New Zealand players celebrate after scoring a try during their Bledisloe Cup clash with Australia at ANZ Stadium in August.
New Zealand players celebrate after scoring a try during their Bledisloe Cup clash with Australia at ANZ Stadium in August. DAVID MOIR

Security consultant charged over All Blacks bugging

A SECURITY consultant tasked with protecting the New Zealand rugby team has been charged in relation to the discovery of a bugging device in the All Blacks' team rooms in Sydney last year.

Police announced today a 51-year-old man would face court next month after being charged with "public mischief" following investigations into the discovery of the listening device, which was found in the All Blacks' team hotel in August last year.

It is understood the man charged has been employed by the All Blacks as a security consultant on their trips to Australia for the past 10 years.

The motive behind his actions remains unknown.

"An investigation was established in August 2016 by detectives from Rose Bay Local Area Command to investigate allegations a listening device was located in a room at a hotel in Double Bay," NSW Police said in a statement.

"Following inquiries earlier today, a Future Court Attendance Notice was served on a 51-year-old man for public mischief to appear at Waverley Local Court."

The Australian Rugby Union strenuously denied involvement in the bugging incident last year and was extremely annoyed that news of the device's discovery emerged in the media on the morning of a Bledisloe Cup match.

New Zealand officials admitted they'd found the device in a routine sweep four days earlier but only referred it to the police on the Saturday morning.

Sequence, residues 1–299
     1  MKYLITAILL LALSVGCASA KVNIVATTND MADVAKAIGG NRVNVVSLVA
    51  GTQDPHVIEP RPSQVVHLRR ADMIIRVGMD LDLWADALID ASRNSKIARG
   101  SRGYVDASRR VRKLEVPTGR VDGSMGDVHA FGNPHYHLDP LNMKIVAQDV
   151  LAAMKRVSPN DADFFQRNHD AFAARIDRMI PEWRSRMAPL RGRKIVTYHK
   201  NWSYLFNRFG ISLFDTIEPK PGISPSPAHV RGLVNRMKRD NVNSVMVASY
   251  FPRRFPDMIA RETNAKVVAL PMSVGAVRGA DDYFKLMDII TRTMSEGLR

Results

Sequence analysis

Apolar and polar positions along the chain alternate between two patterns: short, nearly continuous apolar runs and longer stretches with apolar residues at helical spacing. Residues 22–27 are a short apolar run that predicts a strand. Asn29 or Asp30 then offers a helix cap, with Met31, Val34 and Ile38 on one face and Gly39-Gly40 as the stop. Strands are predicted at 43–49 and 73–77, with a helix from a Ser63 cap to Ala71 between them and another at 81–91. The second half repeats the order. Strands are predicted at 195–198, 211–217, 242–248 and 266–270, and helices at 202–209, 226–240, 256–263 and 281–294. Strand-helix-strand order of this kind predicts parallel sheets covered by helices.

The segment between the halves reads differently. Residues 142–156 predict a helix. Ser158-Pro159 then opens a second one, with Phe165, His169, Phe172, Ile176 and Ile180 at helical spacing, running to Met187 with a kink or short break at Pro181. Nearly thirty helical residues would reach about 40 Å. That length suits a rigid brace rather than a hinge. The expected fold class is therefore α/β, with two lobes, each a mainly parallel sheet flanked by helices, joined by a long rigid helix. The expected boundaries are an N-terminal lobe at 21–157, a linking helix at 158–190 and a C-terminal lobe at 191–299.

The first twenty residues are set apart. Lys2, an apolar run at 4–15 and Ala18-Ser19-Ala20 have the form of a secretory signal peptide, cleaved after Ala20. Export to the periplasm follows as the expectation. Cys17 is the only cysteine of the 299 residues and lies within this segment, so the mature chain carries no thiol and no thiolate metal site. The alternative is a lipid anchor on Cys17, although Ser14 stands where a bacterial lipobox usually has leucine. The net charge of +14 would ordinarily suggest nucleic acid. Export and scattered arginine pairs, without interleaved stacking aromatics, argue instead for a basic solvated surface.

ARU boss Bill Pulver said he welcomed news of a man being charged but the matter still left a "bitter taste".

"On behalf of the ARU, I commend the NSW Police for their ongoing pursuit of this matter and for providing closure with a charge being laid against an individual today," Pulver said.

"The aspect that still leaves a bitter taste out of this whole affair is that the discovery of the device was reported publicly on game day, when it is understood that the alleged discovery of the device occurred much earlier in the week leading up to the Test match.

"Clearly the media attention which resulted from it was a distraction that neither team needed on the morning of a very important Test match.

"The ARU and the Wallabies were never accused of any wrongdoing, however it was still important that this matter reached a conclusion to provide complete reassurance to all fans that the organisation and the team had no part in any of this.

"There may be some questions that remain but certainly today's news is welcome news that an individual has been called to account over this incident."

News Corp Australia


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